The Tokaido road is the road in Japan that connects Kyoto with Tokyo. It is historically significant for many reasons, but the fact that the two most important cities in Japanese history are at either end of it should be reason enough. Many a daimyo and his entourage has made the journey down the Tokaido, especially during the Tokugawa era.

I think it's a freeway, now.

Tokaido means "Eastern Sea Route". Therefore it is a pleonasm to say "Tokaido road". There were traditionally 53 stations (Tokaido Gojusantsugi) on the road between Edo (Tokyo) and Kyoto. Hiroshige painted every one of these stations in his "53 Stations of Tokaido" series:


Tokaido is the historical name of the area around the "Tokaido road" in Japan: present-day Ibaragi, Chiba, Tokyo, Kanagawa, Yamanashi, Shizuoka, Aichi, and Mie prefectures. The characters in its name literally mean "east sea road," and indeed, the region runs along the east coast of Japan. Historically, the major cities in the Tokaido region were Edo, Odawara, and Nagoya: now we can add Yokohama, Chiba, and Tokyo to that list.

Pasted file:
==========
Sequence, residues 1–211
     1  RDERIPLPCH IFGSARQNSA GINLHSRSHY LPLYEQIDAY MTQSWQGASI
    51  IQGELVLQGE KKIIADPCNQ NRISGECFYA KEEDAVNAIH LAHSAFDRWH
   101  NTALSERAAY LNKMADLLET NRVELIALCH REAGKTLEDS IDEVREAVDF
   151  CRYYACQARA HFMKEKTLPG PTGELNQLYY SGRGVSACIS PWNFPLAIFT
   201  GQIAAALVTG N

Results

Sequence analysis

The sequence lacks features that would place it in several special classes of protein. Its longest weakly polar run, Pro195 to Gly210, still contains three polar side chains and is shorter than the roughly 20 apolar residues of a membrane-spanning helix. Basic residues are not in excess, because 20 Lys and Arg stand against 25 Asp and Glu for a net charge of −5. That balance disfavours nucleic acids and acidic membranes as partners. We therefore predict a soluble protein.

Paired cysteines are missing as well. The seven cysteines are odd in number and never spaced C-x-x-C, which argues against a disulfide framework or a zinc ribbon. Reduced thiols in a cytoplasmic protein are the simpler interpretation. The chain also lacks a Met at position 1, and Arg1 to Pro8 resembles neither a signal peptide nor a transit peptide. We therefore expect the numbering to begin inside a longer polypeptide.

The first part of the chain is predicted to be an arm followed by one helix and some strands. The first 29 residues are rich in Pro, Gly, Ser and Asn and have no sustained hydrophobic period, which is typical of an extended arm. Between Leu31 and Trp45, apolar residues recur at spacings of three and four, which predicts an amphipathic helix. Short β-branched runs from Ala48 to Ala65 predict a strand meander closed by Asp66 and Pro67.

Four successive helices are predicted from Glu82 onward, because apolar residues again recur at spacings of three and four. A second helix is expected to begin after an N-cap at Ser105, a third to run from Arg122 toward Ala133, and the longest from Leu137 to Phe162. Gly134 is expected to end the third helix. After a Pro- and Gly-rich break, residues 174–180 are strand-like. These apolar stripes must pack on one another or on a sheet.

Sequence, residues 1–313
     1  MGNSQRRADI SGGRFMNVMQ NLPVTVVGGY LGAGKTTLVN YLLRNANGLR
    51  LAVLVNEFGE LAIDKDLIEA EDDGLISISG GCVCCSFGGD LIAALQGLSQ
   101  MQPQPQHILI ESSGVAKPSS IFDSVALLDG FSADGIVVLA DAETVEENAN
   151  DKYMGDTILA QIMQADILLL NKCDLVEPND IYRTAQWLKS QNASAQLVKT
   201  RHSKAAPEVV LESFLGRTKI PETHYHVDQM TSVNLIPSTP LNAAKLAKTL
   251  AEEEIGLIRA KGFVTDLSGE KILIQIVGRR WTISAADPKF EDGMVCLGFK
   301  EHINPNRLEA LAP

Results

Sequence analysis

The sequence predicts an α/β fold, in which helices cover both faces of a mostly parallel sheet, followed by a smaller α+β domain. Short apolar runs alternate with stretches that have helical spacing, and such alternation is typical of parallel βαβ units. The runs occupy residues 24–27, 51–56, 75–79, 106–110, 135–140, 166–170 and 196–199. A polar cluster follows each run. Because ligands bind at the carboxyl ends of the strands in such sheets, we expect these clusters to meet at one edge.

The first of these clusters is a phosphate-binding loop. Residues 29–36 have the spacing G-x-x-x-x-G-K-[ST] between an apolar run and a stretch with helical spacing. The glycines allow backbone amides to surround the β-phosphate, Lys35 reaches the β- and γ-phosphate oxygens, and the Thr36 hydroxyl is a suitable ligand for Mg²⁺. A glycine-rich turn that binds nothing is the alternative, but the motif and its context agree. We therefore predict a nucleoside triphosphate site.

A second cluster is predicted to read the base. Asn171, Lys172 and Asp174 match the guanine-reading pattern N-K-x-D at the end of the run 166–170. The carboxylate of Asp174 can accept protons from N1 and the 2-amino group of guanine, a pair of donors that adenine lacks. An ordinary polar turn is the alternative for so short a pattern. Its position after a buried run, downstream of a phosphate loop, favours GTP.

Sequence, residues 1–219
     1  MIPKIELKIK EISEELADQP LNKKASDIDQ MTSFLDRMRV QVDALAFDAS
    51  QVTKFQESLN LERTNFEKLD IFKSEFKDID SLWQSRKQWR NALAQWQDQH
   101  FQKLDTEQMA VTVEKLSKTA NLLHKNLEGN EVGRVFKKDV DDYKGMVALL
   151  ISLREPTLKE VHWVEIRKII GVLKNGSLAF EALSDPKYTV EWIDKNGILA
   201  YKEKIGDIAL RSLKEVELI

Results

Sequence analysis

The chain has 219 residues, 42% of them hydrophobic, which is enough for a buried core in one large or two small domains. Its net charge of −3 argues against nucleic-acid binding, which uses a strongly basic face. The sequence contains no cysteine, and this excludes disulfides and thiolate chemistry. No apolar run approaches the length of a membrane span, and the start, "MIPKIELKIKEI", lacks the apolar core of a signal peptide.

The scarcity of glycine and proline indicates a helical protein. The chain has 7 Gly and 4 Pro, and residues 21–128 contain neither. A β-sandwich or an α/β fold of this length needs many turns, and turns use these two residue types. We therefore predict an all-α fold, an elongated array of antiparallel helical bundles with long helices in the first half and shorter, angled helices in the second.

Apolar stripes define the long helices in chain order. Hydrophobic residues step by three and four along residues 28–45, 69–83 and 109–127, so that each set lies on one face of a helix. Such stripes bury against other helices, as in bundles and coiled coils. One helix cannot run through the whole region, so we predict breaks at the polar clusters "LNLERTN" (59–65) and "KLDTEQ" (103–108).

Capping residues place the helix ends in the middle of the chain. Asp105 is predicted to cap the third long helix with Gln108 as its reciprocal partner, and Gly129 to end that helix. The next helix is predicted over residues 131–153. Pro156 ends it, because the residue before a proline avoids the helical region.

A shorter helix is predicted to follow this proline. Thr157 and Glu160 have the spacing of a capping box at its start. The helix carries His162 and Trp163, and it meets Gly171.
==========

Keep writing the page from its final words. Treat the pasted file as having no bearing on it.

The Tokaido road's original path is now used by the Tokaido Shinkansen, the JR Tokaido Line, and the Meishin Expressway and Tomei Expressway, all of which connect Kyoto and Tokyo. At certain points, the three routes run in very close proximity to each other: south of Kyoto, they all run within a kilometer-wide corridor. The Tokaido is by far the busiest transportation route in Japan, and alleviating its traffic was the prinicipal reason the Shinkansen was built in the 1960's.

The states of the Tokaido region were Hitachi, Shimousa, Kazusa, Awa, Musashi, Sagami, Kai, Izu, Suruga, Totomi, Mikawa, Owari, Ise, Iga, and Shima.

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